Weathers recalls near-death on Everest

By Angela Lingg

Angela Lingg/Collegian - Mitch Boss, Newton, talks with Weathers, who lost his nose, right hand and most of his fingers on Mt.  Everest.
Angela Lingg/Collegian - Mitch Boss, Newton, talks with Weathers, who lost his nose, right hand and most of his fingers on Mt. Everest.

Moving across the stage, waving his ravaged left hand and one mechanical hand, Dr. Beck Weathers shared his story of survival with the audience at the Sports Arena.
At times, he whispered, and at other times he shouted. His voice shook with emotion as he told of the miracles that unfolded on that tragic day on Mount Everest.
Dennis Stoecklein was impressed with Weathers’ deliverance of the lecture. “He spoke for about an hour and five minutes with no notes and was very passionate about his message,” Stoecklein said.
On Feb. 16, Weathers was the first speaker in the 2016 Dillon Lecture Series. Weathers survived the shocking 1996 Everest disaster in which eight climbers lost their lives.
Twenty years ago this month, Weathers was training to climb the last of the seven summits — Mount Everest. On May 10, 1996, sometime around midnight, Weathers’ team began the final ascent to the summit. As the day went on, Weathers temporarily lost his eyesight, due to a prior, radial keratotomy eye surgery and the high altitude.

“The fact that I lost my eyesight saved my life…,” Weathers said. “The additional time on the mountain would have led to a greater amount of exhaustion.”
Rob Hall, the guide for Weathers’ team, instructed Weathers to wait where he was until the team picked him up on their way back down.
“[Hall said] ‘I want you to promise me you are going to stay here until I come back,’ and I said, ‘Hope to die.’ It never once crossed my mind that he would never come back. I waited through that morning. It was (otherwise) a glorious day,” Weathers said.
Even though Weathers regained his eyesight, when the sun fully rose, he declined offers to go back down with other climbers. He later regretted that decision.
When Hall’s group didn’t arrive by 5 p.m., he knew they had been there too long. Shortly after five, Weathers met up with several of his team members and they began the climb down.
“If you want to get yourself killed on a mountain, you do it coming down,” Weathers said. “Going up is dangerous, coming down is a whole lot more dangerous.” Add to that, Weathers could not see well.
About 150 yards from camp, a storm hit them. With a wind chill of 100 degrees below zero, the team was unable to keep moving. The strongest climber left the group to try and make it back to a high camp to get help.
As the night went on, Weathers and the other climbers fell into hypothermic comas.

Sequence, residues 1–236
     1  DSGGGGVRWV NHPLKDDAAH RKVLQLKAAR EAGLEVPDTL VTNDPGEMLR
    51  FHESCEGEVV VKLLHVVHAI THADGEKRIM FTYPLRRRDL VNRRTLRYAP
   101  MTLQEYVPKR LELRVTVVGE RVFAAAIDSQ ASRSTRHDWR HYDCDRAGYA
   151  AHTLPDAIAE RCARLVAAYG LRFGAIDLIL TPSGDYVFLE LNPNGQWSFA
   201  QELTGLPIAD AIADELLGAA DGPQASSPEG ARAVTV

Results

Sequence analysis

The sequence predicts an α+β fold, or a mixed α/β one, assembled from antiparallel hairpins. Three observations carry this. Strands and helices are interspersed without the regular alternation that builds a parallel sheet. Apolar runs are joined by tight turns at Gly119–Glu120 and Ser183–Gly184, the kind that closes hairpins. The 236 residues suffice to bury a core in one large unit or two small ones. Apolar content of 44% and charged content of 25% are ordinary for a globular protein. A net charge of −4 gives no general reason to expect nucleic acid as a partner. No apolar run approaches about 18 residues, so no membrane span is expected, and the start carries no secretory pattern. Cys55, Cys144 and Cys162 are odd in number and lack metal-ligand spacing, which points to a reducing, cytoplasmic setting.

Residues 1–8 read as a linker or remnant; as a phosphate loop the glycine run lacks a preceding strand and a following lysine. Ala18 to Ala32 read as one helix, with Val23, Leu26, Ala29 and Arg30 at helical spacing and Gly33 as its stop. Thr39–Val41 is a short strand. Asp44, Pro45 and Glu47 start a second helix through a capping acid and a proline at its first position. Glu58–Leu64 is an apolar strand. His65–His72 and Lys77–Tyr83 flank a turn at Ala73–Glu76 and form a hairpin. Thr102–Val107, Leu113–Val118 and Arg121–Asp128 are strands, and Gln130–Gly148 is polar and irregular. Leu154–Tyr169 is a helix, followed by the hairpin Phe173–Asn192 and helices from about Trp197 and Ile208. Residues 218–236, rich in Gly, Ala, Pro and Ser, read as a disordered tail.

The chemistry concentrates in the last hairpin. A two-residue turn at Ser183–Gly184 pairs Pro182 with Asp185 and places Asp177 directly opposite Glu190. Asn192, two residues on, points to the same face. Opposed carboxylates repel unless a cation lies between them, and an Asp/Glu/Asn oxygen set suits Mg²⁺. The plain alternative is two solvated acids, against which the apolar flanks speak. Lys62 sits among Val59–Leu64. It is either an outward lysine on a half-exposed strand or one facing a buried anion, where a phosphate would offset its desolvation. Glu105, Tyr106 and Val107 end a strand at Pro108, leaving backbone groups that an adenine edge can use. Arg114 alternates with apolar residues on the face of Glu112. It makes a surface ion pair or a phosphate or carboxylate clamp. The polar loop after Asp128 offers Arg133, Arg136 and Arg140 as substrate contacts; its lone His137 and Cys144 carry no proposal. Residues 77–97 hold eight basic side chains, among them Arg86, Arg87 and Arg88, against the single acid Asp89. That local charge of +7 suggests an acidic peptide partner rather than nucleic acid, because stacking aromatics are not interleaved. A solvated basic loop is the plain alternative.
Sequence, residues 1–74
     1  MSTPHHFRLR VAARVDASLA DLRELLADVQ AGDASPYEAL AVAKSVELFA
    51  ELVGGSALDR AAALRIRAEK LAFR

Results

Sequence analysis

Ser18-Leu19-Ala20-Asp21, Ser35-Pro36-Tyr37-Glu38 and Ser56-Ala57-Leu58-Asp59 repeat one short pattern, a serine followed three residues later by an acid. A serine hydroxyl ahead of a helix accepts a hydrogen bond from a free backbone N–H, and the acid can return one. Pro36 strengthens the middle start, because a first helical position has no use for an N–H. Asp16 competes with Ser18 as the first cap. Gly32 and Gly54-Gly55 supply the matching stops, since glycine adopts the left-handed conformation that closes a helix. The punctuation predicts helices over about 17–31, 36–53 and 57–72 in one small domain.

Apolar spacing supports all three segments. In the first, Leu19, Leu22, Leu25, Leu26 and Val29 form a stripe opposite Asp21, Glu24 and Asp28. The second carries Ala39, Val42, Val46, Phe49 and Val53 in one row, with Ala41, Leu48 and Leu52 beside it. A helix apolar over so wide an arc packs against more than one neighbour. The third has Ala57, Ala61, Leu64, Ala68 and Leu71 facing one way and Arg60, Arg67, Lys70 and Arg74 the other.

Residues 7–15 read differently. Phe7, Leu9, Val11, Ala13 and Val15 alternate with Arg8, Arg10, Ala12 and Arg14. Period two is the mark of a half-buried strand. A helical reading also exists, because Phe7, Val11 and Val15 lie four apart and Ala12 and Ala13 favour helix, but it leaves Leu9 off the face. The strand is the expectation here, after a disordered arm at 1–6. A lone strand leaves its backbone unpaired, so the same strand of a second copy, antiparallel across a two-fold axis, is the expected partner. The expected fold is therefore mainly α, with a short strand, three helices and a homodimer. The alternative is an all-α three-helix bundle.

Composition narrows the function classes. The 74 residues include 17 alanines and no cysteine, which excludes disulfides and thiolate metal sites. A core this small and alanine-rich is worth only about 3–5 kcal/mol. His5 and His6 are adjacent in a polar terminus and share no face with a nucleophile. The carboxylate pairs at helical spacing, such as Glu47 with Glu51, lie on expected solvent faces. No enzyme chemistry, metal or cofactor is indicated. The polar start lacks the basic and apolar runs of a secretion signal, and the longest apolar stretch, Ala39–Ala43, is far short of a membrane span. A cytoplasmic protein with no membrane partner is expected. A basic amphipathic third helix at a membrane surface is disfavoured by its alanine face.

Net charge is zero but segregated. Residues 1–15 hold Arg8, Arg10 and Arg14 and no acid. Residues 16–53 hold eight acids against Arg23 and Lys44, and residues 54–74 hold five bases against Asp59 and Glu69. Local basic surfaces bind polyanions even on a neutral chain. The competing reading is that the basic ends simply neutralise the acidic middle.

“I’m not cold anymore — and even in my befuddled state I know this is not a good thing,” Weathers said.
Later that night a few climbers did make it back up to Weathers and his team members, but Weathers and others seemed too close to death to rescue, so they were left to die.
Weathers spent the night on the mountain, exposed to the storm.
On May 11, something extraordinary occurred.
“That afternoon, 22 hours into the storm, 15 hours face down on the ice, a miracle occurred,” Weathers said. “And that miracle simply stated was that I opened my eyes. That’s it.”
Driven by images of his family, Weathers got up and wandered down to the camp. He was made comfortable in a tent and once again left to die, because everyone thought he was too far gone. He did survive and the next day, with help he made it down to the next camp.
That same day Weathers was rescued by a helicopter. It was the highest-altitude helicopter rescue ever.
Weathers said of the pilot who rescued him, “He is to me the most extraordinary individual in this story, he doesn’t know me, he doesn’t know my family, and he has a family who he is the sole responsible provider. We are separated by religion, by culture by the entire realm of this world. But I will never forget him.”
The committee that puts on the Dillon lecture series thought that this may have been one of their best lectures. “Some feedback we heard from the committee that works on the lectures thought it was certainly one of the top ones we’ve had in all the years, in terms of not only the popularity of the speaker in terms of the crowd, but really the message and his ability to deliver it,” Stoecklein said.
Lorenzo Casteneda, Harlingen, Texas enjoyed the lecture and thinks he would like to climb Everest. “I want to take the challenge,” he said.
Weathers stressed to the audience to find their anchor in something or someone that truly mattered.
“I traded my hands for my family and my future and that is a bargain I readily accept,” Weathers said. “I have traveled the full world over seeking that which would fulfill me and make me whole — and it was in my own backyard.”

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